What Baseball Really Means


Major League Baseball is a business; a business that is worth $36 billion and growing.  Every year there is a player that signs some sort of record setting contract. Whether it be Giancarlo Stanton, Miguel Cabrera, or Mike Trout there is massive amounts of money being paid out to these players. They aren’t the only ones making money. Besides the owners this business provides jobs to the people in the front office, concession workers, ticket sales, security, and team shop workers. Many people rely on baseball to make a living one way or another, and even though this is a huge business that is not what baseball really means.

“We’re all told at some point in time that we can no longer play the children's game, we just don’t… don’t know when that’s gonna be. Some of us are told at eighteen, some of us are told at forty, but we’re all told.” –Moneyball

Baseball can be many things for people, an oasis, a lifestyle, a job, but to everyone it is just a game. This is what we must always remember; that baseball is a child’s game. This is the simple truth that gets lost daily, whether it be in the media, during the heat of the game, or in the business. The older we get the more we tend to forget where we came from and how we got to this point. As players grow older and gain more experience their love of the game also grows. Baseball is not a sport where an individual can immediately pick up a ball and make an impact. It takes years and years of practice and failure to become a quality player. These players must not forget where they came from and how they got there.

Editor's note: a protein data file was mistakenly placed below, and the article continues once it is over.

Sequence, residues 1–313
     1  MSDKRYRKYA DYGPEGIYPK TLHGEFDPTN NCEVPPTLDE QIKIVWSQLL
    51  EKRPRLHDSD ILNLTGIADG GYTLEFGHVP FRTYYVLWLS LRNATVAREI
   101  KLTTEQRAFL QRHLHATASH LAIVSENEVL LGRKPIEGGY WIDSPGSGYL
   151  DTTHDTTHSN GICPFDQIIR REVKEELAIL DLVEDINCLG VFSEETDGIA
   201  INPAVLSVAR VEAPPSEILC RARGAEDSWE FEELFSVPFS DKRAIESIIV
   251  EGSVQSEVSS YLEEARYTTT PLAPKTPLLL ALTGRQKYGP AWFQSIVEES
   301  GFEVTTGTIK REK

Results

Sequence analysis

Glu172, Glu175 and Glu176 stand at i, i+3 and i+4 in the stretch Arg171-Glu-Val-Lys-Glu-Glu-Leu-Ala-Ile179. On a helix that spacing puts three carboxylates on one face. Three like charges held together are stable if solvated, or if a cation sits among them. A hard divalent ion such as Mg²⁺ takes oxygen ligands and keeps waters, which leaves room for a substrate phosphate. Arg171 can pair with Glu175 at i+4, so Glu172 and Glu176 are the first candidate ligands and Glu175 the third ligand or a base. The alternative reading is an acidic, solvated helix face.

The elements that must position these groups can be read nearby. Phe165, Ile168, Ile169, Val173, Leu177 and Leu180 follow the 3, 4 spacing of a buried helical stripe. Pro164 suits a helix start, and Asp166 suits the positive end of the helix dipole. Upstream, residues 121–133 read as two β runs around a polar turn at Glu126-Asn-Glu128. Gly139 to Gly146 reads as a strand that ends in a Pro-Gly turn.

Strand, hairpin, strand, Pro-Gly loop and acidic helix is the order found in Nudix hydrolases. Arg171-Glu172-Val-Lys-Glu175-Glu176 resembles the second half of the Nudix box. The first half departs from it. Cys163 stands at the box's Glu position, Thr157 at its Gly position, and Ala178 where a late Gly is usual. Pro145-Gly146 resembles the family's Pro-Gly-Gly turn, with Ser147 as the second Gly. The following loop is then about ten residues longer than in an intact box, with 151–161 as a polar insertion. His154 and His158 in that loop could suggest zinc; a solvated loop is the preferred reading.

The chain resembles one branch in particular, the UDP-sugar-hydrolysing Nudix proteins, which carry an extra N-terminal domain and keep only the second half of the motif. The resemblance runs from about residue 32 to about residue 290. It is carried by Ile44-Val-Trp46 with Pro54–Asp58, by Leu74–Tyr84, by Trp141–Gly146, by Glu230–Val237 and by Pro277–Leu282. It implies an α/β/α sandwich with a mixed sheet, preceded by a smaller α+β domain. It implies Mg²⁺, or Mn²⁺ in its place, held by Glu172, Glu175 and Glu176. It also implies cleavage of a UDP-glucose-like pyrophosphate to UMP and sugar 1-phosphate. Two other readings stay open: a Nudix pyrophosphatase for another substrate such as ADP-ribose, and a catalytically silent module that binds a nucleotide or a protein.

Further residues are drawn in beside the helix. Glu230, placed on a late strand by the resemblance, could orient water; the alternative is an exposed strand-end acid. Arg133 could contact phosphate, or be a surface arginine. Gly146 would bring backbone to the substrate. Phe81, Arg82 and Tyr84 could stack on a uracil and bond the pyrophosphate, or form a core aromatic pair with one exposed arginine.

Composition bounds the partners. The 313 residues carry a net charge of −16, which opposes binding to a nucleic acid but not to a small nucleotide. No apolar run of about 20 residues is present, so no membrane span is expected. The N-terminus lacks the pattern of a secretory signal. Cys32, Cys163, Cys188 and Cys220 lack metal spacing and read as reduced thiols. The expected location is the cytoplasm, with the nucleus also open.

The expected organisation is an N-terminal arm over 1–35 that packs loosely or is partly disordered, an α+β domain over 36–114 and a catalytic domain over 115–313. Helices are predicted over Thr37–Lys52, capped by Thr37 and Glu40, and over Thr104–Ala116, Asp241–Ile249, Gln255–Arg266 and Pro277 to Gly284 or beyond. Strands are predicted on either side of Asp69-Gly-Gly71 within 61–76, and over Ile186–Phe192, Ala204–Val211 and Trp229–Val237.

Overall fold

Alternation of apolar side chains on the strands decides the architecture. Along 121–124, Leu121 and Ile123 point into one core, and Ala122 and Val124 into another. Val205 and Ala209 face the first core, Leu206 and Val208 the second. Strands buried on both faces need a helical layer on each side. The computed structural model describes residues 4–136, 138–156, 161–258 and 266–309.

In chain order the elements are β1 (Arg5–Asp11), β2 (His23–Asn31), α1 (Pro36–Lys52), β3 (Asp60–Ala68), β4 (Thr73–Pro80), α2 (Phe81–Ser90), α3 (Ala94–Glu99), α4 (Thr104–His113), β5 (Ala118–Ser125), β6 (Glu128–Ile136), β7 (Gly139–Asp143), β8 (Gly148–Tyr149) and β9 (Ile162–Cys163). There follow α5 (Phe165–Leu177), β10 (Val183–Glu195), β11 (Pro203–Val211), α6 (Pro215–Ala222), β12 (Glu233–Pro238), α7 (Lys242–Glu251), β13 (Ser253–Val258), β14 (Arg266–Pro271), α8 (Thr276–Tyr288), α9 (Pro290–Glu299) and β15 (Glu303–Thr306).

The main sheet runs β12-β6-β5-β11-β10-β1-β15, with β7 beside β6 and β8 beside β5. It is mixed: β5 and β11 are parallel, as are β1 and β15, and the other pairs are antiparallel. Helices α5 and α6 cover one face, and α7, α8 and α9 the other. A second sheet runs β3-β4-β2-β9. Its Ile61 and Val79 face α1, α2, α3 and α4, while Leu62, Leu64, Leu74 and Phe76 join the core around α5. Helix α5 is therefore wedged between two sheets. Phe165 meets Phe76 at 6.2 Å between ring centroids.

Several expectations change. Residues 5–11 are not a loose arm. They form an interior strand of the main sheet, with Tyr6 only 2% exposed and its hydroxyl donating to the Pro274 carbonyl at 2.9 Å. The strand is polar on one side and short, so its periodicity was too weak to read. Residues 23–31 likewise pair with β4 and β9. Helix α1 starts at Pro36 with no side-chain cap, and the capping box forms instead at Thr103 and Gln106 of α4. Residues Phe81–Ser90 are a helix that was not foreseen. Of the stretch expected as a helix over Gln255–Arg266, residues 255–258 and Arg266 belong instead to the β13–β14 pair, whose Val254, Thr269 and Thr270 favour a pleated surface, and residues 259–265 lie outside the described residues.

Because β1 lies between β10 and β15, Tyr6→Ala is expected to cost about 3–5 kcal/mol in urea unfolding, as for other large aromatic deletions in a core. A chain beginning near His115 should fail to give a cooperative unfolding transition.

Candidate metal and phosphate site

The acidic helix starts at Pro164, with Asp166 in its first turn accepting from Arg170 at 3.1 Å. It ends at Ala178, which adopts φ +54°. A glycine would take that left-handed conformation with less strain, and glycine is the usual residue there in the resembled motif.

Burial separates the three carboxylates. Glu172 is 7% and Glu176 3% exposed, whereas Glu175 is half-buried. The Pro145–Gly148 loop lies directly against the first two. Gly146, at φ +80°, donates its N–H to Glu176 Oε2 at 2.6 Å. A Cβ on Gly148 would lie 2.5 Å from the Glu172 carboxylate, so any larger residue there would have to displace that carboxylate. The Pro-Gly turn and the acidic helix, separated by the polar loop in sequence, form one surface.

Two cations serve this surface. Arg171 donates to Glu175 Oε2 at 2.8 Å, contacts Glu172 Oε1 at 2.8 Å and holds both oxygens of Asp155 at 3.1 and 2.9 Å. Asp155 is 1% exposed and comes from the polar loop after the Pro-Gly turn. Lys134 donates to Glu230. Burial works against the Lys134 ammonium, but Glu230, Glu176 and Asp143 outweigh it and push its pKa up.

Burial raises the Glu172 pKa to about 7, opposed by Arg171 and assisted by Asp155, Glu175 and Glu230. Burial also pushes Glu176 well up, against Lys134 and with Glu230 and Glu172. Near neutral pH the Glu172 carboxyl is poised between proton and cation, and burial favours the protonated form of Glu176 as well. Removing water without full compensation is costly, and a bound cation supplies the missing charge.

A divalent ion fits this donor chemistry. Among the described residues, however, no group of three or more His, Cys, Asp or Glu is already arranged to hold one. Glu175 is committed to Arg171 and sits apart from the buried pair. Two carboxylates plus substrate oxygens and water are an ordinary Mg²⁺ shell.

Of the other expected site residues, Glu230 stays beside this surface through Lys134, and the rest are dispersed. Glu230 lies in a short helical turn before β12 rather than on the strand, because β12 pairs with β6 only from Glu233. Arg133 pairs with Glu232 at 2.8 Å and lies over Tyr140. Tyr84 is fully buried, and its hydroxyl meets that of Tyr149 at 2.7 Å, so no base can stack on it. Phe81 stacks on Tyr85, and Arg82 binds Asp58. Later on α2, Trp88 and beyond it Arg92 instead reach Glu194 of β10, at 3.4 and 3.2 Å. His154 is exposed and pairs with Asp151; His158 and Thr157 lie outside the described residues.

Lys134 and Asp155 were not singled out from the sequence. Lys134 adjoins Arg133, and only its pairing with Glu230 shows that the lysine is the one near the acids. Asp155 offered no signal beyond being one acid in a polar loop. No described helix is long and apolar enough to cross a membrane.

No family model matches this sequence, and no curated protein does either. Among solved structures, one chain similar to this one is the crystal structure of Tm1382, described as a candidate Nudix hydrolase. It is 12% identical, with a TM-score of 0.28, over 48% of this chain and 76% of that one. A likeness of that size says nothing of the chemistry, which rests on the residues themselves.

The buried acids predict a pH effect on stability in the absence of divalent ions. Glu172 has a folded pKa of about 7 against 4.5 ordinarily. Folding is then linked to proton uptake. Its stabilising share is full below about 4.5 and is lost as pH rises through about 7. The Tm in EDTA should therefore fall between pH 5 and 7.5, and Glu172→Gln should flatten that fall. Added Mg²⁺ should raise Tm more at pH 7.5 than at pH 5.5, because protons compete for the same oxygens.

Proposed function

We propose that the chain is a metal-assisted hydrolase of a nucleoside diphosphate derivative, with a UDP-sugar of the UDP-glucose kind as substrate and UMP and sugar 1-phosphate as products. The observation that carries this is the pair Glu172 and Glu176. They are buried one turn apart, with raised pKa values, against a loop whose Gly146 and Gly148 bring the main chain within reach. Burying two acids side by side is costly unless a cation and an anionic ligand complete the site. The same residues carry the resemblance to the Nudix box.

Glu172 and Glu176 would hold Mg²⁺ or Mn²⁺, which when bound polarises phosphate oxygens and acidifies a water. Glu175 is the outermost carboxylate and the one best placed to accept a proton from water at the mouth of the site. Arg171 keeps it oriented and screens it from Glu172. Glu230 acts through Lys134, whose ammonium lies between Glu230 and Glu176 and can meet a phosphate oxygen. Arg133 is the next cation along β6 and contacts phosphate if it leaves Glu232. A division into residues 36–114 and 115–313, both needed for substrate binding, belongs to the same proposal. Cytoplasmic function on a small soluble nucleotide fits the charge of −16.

Every fan falls in love with the game at a young age, and looks up to our favorite major leaguers as superheroes. Kids spend hours in the backyard pretending they are Mike Trout, Ken Griffey Jr., or Jim Thome. This love of the game will follow us throughout the rest of our lives. That is where the love all starts; when baseball is at its purest form. Whether it be playing in the state championship or teaching our kids to throw a ball, it will always be there for us. People get lost too often in the business of the game, the wins and losses, and the heartbreak of their favorite team. All too often players of all ages get caught up in the frustrations that surround the game. Every team could use players like Mike Trout, obviously because of his talent, but more importantly because of the person he is. All too often players forget where they came from and who is watching. By signing a few balls or hats he is creating a memory that those kids will remember for the rest of their lives. So whenever the game seems too big for us; whether we are playing or watch we must always remember where it all started.

“I’d walk through hell in a gasoline suit to play baseball” –Pete Rose